|Charles Walker of the 8th Connecticut Infantry posed for this image|
in a photographic studio on Main Street in Norwich, Conn., his hometown.
Walker survived Antietam physically unharmed.
(Photo: Matthew R. Isenburg collection)
As the 8th Connecticut Infantry came under intense artillery and musket fire from its front and both flanks during the latter stages of the Battle of Antietam, one of its color-bearers was shot.
Another man picked up the flag and he, too, was wounded.
And then another man grabbed the flag with the same result.
And then another.
|Charles Walker's signature appears on the reverse|
of his CDV image.
(Matthew R. Isenburg collection)
Finally, Charles H. Walker, a 20-year-old private from Norwich, courageously grabbed the fallen national colors and "seized them in a storm of death." In a singular act of defiance, he planted the flag and shook it out before the rebels as the enemy advanced. (1) Flag-bearers were prime targets for soldiers on both sides of the war.
"Twenty men are falling every minute," a history of Connecticut's service in the war published in 1869 noted about that part of the battle. "Col. (Hiram) Appelman is borne to the rear. John McCall falls bleeding. (Jacob) Eaton totters, wounded, down the hill. (Marvin) Wait, bullet-riddled, staggers a few rods, and sinks. (Eleazur) Ripley stands with a shattered arm. (James) Russell lies white and still. (Henry) Morgan and (Edwin) Maine have fallen. Whitney Wilcox is dead.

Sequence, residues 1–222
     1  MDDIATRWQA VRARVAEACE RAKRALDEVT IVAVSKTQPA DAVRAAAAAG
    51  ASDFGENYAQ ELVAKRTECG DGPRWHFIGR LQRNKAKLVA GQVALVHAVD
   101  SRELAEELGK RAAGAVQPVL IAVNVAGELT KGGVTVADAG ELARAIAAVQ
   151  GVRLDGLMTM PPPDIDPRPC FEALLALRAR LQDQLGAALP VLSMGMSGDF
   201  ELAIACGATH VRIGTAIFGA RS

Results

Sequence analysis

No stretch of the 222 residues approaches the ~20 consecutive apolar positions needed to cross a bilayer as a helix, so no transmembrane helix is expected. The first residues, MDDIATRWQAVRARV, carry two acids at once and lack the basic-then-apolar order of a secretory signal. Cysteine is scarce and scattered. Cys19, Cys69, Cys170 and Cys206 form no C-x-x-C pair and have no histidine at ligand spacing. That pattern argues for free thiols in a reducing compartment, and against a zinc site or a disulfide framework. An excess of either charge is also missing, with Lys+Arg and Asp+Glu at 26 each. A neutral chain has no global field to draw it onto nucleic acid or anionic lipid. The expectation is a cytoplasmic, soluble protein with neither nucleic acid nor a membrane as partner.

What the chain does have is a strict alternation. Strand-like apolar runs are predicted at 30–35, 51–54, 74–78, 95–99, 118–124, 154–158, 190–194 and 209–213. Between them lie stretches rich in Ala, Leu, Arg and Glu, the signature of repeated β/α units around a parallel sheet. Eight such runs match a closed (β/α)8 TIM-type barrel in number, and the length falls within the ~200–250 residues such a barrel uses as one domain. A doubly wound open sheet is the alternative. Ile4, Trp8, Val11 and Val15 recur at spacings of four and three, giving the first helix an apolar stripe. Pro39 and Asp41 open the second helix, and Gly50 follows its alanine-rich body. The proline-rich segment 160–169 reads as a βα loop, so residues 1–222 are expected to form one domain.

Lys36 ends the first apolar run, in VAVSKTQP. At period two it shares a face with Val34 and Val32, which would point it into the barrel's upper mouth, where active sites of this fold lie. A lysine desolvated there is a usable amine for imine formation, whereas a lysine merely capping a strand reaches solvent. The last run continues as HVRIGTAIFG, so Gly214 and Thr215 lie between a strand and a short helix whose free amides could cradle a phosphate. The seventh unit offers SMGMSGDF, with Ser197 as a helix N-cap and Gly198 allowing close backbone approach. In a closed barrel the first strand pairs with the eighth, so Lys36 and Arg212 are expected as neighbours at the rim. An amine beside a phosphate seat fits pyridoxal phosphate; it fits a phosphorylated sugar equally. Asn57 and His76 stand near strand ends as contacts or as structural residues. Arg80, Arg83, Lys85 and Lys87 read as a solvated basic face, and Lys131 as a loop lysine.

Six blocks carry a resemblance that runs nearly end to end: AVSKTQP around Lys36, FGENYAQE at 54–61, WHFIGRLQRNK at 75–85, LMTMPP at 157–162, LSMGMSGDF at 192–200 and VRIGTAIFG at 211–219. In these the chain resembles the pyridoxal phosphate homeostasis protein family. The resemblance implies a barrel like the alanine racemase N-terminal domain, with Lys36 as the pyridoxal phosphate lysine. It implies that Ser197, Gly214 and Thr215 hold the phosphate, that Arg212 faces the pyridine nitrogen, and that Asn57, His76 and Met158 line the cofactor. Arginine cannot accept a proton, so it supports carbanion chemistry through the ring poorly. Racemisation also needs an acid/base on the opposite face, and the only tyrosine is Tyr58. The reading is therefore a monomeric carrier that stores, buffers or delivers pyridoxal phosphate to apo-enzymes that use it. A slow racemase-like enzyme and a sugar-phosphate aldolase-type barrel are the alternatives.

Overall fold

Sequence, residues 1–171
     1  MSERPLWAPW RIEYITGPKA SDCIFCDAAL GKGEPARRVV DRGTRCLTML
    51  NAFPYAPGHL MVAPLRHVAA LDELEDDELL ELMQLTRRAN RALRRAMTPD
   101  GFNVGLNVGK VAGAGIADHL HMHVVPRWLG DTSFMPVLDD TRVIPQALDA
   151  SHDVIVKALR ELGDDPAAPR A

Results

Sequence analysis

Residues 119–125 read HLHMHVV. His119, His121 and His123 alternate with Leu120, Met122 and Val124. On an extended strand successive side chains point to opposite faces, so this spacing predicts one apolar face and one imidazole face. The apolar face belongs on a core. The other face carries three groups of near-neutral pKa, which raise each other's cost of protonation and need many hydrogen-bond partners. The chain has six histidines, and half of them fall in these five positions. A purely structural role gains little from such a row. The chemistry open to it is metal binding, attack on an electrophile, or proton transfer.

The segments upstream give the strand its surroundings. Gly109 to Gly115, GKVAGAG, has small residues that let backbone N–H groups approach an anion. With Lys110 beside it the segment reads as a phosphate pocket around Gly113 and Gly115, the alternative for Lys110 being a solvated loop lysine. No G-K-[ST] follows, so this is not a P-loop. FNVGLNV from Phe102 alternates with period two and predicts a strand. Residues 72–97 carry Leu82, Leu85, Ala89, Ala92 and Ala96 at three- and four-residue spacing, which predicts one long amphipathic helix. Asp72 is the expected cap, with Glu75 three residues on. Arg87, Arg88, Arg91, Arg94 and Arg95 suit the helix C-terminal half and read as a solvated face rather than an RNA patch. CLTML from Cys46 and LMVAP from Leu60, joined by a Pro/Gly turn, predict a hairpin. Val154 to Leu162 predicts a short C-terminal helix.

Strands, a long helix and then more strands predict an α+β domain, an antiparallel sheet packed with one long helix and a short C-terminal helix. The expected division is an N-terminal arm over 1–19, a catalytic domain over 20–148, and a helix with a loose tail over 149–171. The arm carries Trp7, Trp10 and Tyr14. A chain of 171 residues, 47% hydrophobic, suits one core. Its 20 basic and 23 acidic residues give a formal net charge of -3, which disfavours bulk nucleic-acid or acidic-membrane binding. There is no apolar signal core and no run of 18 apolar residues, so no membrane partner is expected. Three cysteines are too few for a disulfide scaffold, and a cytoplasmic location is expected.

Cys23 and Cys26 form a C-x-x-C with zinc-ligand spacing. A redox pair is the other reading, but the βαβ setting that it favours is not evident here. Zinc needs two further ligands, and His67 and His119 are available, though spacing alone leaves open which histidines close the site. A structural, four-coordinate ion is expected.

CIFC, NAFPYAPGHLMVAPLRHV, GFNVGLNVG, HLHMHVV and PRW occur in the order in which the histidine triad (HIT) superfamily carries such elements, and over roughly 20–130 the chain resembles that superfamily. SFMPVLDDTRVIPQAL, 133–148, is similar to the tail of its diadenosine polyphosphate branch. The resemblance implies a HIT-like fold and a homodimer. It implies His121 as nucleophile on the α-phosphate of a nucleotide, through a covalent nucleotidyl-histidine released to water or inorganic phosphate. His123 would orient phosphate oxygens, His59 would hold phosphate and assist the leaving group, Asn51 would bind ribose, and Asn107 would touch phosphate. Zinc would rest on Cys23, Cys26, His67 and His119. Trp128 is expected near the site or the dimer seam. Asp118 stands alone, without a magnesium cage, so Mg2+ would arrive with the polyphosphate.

"Men grow frantic. The wounded prop themselves behind the rude stone fence, and hurl leaden vengeance at the foe. Even the chaplain snatches the rifle and cartridge-box of a dead man, and fights for life." (2)
Ordered to fall back, Walker, clutching the flag, and the hundred or so remaining members of the 8th Connecticut retreated from the field. Although whipped by the rebels, no regiment of the Ninth Corps advanced farther on the left flank, a fact trumpeted in post-war accounts. "By their stubborn fight they have saved many others from death or capture," the post-war history noted, "and by their orderly retreat they save themselves."
|A C.H. Walker from Norwich, aged 18, is recorded in the 1860 census. (CLICK TO ENLARGE.)|
Incredibly, Walker survived physically unharmed but no doubt shocked by the carnage. The 8th Connecticut suffered 34 killed, 139 wounded and 21 missing that Wednesday afternoon just outside Sharpsburg, Md.
For his courage on Sept. 17, 1862, Walker earned a prominent mention in an after-action report written by Major John Ward two days later. "I will notice particularly the conduct of Private Charles Walker, of Company D," Ward wrote, "who brought the national colors off the field after the sergeant and every corporal of the color-guard were either killed or wounded." Walker's action probably was the reason for his promotion to ordnance sergeant of Company C one month after the great battle.
|As an anonymous reader of this blog |
pointed out, the star denotes Charles Walker
was promoted to an ordnance sergeant.
Walker, who had originally enlisted in the Union army in September 1861, re-enlisted on Christmas Eve 1863. He apparently fell out of favor with superiors early the next year, as he was demoted to private on Feb. 22, 1864. Walker was mustered out of the Union army on Dec. 12, 1865, eight months after Lee surrendered to Grant in Appomatox, Va.
(1) The Military and Civil History of Connecticut During the War of 1861-65, William Augustus Croffut, John Moses Morris 1869, Page 272-73
(3) 1860 U.S. Census